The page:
II. Epidemiology

  1. Most common cause of severe Visual Impairment in U.S.
  2. Present in 70% of patients older than 70 years old

III. Pathophysiology

  1. Opacification of the crystalline lens of the eye
  2. Stages of development
    1. Immature Cataract
      1. Opacities separated by areas of clear lens
    2. Mature Cataract
      1. Complete lens opacification
    3. Hypermature Cataract
      1. Lens cortex is liquefied
      2. Lens capsule looses fluid
        1. Risk of Inflammatory reaction
        2. Risk of secondary Glaucoma

IV. Locations

  1. Nuclear Cataracts
    1. Central lens (nucleus) becomes dense and sclerotic
    2. Discolored by yellow, brown or gray hue
  2. Cortical Cataracts
    1. Peripheral opacities
    2. Radiating spokes appearance on Slit Lamp exam
  3. Posterior Subcapsular Cataracts
    1. Most rapidly progressive
    2. Seen in younger patients and those on Corticosteroid

V. Risk factors

  1. Normal Aging (90% of cases)
  2. Tobacco Abuse
  3. Ocular UV-B light exposure
  4. Traumatic Injury to lens or capsule
  5. Comorbid conditions
    1. Diabetes Mellitus
    2. Hypoparathyroidism
    3. Myotonic Dystrophy
    4. Atopic Dermatitis
    5. Congenital Cataract
  6. Medication related
    1. Systemic Corticosteroid
    2. Topical Echothiophate iodide (Glaucoma treatment)

VI. Symptoms

  1. Progressive reduced Vision (usually bilateral)
    1. Patients report Clouding or fogging of Vision
    2. Nuclear Cataracts may improve site temporarily
      1. Cataract sclerosis changes shape of Lens nucleus
      2. Myopia may result and may correct Farsightedness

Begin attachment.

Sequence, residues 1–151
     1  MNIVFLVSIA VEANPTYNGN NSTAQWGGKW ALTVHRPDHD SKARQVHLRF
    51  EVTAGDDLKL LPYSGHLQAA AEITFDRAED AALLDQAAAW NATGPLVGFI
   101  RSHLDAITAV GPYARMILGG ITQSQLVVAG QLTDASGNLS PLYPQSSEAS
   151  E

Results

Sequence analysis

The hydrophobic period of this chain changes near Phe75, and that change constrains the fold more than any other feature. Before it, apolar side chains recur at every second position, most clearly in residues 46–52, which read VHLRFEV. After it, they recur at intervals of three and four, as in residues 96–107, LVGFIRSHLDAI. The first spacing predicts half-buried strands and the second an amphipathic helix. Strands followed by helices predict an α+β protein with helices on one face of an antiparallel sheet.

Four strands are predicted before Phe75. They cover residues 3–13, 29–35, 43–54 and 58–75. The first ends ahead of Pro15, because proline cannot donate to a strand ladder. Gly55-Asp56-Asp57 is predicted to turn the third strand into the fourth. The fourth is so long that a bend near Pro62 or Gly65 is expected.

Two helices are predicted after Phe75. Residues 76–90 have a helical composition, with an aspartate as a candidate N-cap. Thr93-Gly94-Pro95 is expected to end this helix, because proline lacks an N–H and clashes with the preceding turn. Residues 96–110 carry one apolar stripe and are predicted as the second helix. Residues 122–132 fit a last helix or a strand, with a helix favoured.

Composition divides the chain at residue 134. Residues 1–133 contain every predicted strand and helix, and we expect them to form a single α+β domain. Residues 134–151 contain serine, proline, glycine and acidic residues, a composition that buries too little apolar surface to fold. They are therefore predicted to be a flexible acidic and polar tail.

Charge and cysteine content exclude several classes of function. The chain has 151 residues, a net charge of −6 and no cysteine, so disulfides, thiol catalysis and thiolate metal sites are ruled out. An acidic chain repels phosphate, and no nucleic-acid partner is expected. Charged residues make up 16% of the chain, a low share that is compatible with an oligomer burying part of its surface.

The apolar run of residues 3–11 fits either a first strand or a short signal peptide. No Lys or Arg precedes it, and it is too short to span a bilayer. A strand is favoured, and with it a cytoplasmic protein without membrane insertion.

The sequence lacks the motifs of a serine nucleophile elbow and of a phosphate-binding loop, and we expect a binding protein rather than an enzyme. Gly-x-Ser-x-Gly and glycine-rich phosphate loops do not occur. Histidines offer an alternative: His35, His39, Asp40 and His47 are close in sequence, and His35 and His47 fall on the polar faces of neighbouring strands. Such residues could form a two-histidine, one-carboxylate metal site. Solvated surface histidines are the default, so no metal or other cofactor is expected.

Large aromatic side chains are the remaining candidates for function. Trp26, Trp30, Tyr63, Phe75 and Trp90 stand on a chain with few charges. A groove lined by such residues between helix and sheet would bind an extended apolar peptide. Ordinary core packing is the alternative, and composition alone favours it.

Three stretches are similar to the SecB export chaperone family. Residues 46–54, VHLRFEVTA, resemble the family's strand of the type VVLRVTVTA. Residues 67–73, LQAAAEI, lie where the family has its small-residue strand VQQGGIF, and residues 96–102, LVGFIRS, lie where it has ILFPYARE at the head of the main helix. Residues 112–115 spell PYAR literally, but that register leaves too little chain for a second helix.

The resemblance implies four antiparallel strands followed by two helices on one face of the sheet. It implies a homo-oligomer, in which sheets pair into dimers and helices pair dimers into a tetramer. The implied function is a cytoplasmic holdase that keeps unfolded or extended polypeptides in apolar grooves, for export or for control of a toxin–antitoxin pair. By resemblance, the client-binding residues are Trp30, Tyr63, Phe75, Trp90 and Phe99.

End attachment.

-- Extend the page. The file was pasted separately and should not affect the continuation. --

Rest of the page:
2. Skewed Color Perception
    1. Lens becomes pigmented in nuclear sclerotic Cataracts
    2. Blues filtered out
    3. Color is shifted to yellow and red part of spectrum
  3. Diminished Vision in bright light
    1. Central opacities block light when pupil constricts
    2. Glare may also occur
    3. Reduced night Vision (with halos in Visual Fields)

VII. Signs

  1. Lenticular opacities of various shapes and degree
  2. Technique
    1. Set ophthalmoscope to +10
    2. View lens from 12 inches from patient's face
    3. Cataracts appear as dark areas against red pupil
    4. Red Reflex overall appears dull
  3. Consider dilating pupil for exam
    1. Phenylephrine hydrochloride Ophthalmic Solution
      1. Not Cycloplegic
      2. Does not affect close Vision

VIII. Management

  1. Assessment of concurrent eye disorder
    1. Glaucoma
    2. Retinal Detachment
    3. Macular Degeneration
    4. Retinal vascular occlusive disease
    5. Retinopathy of Diabetes
    6. Hypertension
    7. Arteriosclerosis
  2. Maximize Refractive Error correction with glasses
  3. Consider dilating drops to improve Vision
  4. Ophthalmology referral for Cataract Extraction
    1. Procedure
      1. Phacoemulsification with intraocular lens replacement
    2. Indications (Refer for impaired function or refractory symptoms)
      1. Impaired Vision
      2. Excessive glare
      3. Poor night Vision
    3. References
      1. Riaz (2006) Cochrane Database Syst Rev (4):CD001323 +PMID:17054134 [PubMed]

IX. Prevention

  1. Avoid excessive UV Light exposure
  2. Smoking Cessation

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